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Planning Blight and Blight notices

If the council or another public authority is planning a development in your area that affects your home, you could find it hard to sell your home for a reasonable price. However, you may be able to force them to buy your home by serving a blight notice. This page explains what planning blight is, what blight notices do and how you may be able to get one.

What is a blight notice?

If a planned public development such as a new motorway, airport extension, railway line or energy plant is affecting the value of your home, this is known as 'planning blight', because your home has been 'blighted' or spoilt by the planned work. A blight notice is a legal notice that you can serve on the authority responsible for the development if you want them to buy your home so you can move away. This page uses the example of the council as a public authority, but you can find out more about public developments and the authorities responsible for them here.

For example, you may want to apply for a blight notice if:

  • your home is next to a proposed new road or motorway, or a road that is due to be widened
  • your home is near land that's needed by a utilities company, for example, to lay gas pipes or build a wind farm
  • your home is in or near a housing renewal area where homes are to be demolished
  • your home is subject to a compulsory purchase order (CPO) and you want to move away, but the CPO process is moving very slowly.

Who can apply for a blight notice?

You should be able to apply for a blight notice if:

  • you own your home, and
  • the council or another public authority is planning a development in your area, and
  • your home is subject to a compulsory purchase order (CPO), or is likely to be subject to a CPO in the future, or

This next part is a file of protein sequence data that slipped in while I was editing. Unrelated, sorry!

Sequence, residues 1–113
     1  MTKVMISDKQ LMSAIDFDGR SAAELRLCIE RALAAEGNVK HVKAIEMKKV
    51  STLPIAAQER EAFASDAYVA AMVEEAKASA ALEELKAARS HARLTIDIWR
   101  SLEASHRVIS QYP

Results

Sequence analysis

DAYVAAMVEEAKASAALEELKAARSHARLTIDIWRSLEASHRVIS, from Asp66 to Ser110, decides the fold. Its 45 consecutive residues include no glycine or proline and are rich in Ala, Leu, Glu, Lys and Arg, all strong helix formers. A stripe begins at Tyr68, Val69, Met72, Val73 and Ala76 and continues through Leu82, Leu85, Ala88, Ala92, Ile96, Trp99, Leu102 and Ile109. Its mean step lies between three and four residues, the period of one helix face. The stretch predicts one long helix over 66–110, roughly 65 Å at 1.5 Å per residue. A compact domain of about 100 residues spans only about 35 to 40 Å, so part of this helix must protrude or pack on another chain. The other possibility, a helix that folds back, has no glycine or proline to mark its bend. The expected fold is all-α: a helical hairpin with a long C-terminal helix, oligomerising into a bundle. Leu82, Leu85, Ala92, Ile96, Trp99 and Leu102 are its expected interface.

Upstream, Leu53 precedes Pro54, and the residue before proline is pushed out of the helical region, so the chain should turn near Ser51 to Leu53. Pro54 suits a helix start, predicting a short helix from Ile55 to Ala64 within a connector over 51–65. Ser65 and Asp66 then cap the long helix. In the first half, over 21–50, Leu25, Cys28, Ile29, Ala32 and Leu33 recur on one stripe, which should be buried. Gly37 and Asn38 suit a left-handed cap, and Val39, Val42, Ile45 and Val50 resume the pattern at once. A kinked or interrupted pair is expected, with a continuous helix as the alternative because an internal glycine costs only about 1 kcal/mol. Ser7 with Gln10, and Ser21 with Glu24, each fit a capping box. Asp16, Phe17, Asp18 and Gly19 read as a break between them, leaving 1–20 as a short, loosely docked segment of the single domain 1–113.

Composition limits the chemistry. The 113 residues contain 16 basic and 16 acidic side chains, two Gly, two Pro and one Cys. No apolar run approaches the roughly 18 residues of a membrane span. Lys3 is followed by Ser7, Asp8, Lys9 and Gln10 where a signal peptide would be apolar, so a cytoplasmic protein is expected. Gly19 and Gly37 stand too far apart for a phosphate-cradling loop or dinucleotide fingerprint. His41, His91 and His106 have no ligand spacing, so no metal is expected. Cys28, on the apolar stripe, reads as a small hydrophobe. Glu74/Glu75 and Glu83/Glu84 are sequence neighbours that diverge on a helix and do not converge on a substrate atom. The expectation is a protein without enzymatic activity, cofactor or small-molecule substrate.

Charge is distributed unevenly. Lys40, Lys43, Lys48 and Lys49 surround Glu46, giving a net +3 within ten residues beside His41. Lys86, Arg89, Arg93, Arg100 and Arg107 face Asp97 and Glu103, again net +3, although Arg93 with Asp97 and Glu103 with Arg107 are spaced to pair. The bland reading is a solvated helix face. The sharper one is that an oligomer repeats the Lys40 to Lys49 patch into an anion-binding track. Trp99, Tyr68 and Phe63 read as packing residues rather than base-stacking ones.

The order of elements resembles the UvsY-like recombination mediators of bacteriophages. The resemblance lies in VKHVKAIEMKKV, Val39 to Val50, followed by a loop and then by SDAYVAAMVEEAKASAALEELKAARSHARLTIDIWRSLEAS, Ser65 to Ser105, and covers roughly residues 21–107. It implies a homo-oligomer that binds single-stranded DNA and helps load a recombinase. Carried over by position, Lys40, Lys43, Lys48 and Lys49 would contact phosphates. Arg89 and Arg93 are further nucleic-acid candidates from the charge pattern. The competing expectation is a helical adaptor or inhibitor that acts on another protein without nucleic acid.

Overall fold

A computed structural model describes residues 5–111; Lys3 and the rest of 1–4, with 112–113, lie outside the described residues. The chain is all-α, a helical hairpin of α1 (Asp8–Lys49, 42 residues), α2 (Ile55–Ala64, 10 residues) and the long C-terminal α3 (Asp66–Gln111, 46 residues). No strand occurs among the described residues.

• you can't sell your home on the open market because of the development, or
  • the value of your home has dropped significantly because of the development, or
  • your home will be badly affected by the planned work, and
  • you can't get the authority to agree to buy your home voluntarily.

How do I get a blight notice?

To serve a blight notice, you need to fill in a standard form, which you can get from the council or authority.

Talk to a solicitor if you're in this situation, as blight notices are not easy to get. Your solicitor will be able to:

  • advise you on your options
  • send the authority the blight notice on your behalf
  • agree a good price for your home
  • negotiate compensation
  • carry out the legal conveyancing work involved in selling your home.

Once you've sent a blight notice to the council, it has to let you know within two months whether or not it will buy your home, and if not, why not.

If the council doesn't get back to you within two months, the blight notice will go ahead automatically and the council will have to buy your home.

What if the council won't buy my home?

Blight notices aren't very common in Scotland, so you may find it hard to get one. If the council refuses to buy your home without good reason, you may be able to appeal to the Lands Tribunal - you can find out how to apply at the Lands Tribunal website. Talk to a solicitor before you apply - they will be able to tell you if it's worth pursuing your case.

Can I get compensation?

You may be able to claim a home loss payment when you move out, but the council won't have any duty to rehouse you, so you'll have to find a new home yourself.

Scotland map Housing laws differ between Scotland and England.
This content applies to Scotland only.
Get advice if you're in England

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